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Apocalypse delayed : the story of Jehovah's Witnesses

Since 1876, Jehovah's Witnesses have believed that they are living in the last days of the present world. Charles T. Russell, their founder, advised his followers that members of Christ's church would be raptured in 1878, and by 1914 Christ would destroy the nations and establish his kingdom on earth. The first prophecy was not fulfilled, but the outbreak of the First World War lent some credibility to the second. Ever since that time, Jehovah's Witnesses have been predicting that the world would end "shortly." Their numbers have grown to many millions in over two hundred countries. They distribute a billion pieces of literature annually, and continue to anticipate the end of the world. As a former member of the sect, Penton offers an overview of the Jehovah's Witnesses.

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  • "Story of Jehovah's Witnesses"

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  • "Since 1876, Jehovah's Witnesses have believed that they are living in the last days of the present world. Charles T. Russell, their founder, advised his followers that members of Christ's church would be raptured in 1878, and by 1914 Christ would destroy the nations and establish his kingdom on earth. The first prophecy was not fulfilled, but the outbreak of the First World War lent some credibility to the second. Ever since that time, Jehovah's Witnesses have been predicting that the world would end "shortly." Their numbers have grown to many millions in over two hundred countries. They distribute a billion pieces of literature annually, and continue to anticipate the end of the world. As a former member of the sect, Penton offers an overview of the Jehovah's Witnesses."@en
  • ""Since 1876, Jehovah's Witnesses have believed that they are living in the last days of the present world. Charles T. Russell, their founder, advised his followers that members of Christ's church would be raptured in 1878, and by 1914 Christ would destroy the nations and establish his kingdom on earth. The first prophecy was not fulfilled, but the outbreak of the First World War lent some credibility to the second. Ever since that time, Jehovah's Witnesses have been predicting that the world would end "shortly." Their numbers have grown to many millions in over two hundred countries. They distribute a billion pieces of literature annually, and continue to anticipate the end of the world. For almost thirty years, M. James Penton's Apocalypse Delayed has been the definitive scholarly study of this religious movement. As a former member of the sect, Penton offers a comprehensive overview of the Jehovah's Witnesses. His book is divided into three parts, each presenting the Witnesses' story in a different context: historical, doctrinal, and sociological. Some of the issues he discusses are known to the general public, such as the sect's opposition to military service and blood transfusions. Others involve internal controversies, including political control of the organization and the handling of dissent within the ranks. Thoroughly revised, the third edition of Penton's classic text includes substantial new information on the sources of Russell's theology and on the church's early leaders..."--"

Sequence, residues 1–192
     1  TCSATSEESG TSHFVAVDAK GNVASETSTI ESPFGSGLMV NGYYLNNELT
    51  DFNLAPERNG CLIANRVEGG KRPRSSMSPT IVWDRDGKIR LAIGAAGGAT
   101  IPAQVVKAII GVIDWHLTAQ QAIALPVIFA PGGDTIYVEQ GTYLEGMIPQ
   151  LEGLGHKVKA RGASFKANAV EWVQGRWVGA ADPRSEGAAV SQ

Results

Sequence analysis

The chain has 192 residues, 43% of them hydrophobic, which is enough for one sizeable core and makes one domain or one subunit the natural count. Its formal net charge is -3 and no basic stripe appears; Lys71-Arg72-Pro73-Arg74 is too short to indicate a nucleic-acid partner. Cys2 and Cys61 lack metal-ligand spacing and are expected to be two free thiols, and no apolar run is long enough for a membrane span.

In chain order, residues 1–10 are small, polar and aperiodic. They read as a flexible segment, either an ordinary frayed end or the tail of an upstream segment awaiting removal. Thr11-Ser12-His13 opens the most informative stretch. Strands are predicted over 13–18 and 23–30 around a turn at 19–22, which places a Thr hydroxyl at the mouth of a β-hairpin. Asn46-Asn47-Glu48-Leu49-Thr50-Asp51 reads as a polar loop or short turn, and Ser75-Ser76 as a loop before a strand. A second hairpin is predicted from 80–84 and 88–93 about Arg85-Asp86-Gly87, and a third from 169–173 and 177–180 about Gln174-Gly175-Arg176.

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  • "Electronic books"@en
  • "Livre électronique (Descripteur de forme)"
  • "Ressource Internet (Descripteur de forme)"

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  • "Apocalypse delayed : the story of Jehovah's Witnesses"
  • "Apocalypse delayed : the story of Jehovah's Witnesses"@en
  • "Apocalypse delayed : the story of Jehovah's witnesses"
  • "Apocalypse delayed : the story of Jehova's Witnesses"
  • "Apocalypse delayed the story of Jehovah's Witnesses"
  • "Apocalypse delayed the story of Jehovah's Witnesses"@en
  • "Apocalypse delayed the story of Jehovah's Witnesses"@es
  • "Apocalypse Delayed The Story of Jehovah's Witnesses"@en